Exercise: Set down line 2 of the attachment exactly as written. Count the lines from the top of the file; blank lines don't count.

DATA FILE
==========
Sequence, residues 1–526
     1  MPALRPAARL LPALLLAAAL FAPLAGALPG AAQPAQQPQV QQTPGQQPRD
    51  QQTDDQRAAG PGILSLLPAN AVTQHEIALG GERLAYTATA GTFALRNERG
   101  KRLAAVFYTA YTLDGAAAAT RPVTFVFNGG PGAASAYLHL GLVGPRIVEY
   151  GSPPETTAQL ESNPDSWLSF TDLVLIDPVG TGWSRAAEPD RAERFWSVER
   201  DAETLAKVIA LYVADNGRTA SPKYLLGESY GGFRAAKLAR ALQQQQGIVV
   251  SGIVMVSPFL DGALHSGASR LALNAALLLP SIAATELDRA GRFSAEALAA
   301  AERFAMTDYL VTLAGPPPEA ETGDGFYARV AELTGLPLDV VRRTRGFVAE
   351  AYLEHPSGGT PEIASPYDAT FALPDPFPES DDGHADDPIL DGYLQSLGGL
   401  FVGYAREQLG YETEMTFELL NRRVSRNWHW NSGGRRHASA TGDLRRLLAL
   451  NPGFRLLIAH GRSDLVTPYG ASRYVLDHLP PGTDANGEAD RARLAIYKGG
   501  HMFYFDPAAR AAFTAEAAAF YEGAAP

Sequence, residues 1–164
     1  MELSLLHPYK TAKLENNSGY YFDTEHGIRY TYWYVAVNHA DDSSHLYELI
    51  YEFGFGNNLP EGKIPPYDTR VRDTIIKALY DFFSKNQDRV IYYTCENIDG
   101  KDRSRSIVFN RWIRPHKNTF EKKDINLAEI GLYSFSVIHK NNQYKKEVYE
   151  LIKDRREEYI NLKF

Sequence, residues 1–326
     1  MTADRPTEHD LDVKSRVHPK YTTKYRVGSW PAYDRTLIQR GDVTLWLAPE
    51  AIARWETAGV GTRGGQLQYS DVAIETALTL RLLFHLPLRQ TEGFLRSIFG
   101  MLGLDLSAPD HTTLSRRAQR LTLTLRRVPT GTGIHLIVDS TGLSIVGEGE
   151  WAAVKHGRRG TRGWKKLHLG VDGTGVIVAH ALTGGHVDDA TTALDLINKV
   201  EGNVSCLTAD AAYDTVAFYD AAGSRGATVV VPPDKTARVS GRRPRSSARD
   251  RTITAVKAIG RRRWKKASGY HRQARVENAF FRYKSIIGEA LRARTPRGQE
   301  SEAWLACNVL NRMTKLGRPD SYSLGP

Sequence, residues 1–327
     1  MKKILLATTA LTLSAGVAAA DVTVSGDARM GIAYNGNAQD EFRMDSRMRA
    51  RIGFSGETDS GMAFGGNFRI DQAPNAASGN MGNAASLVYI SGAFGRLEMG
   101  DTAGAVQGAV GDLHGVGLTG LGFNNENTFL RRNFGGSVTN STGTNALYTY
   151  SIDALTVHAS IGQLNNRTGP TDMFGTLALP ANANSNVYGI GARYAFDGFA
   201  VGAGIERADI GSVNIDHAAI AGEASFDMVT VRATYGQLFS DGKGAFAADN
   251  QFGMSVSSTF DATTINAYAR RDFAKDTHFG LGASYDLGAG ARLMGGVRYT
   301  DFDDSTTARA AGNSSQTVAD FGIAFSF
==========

     1  MPALRPAARL LPALLLAAAL FAPLAGALPG AAQPAQQPQV QQTPGQQPRD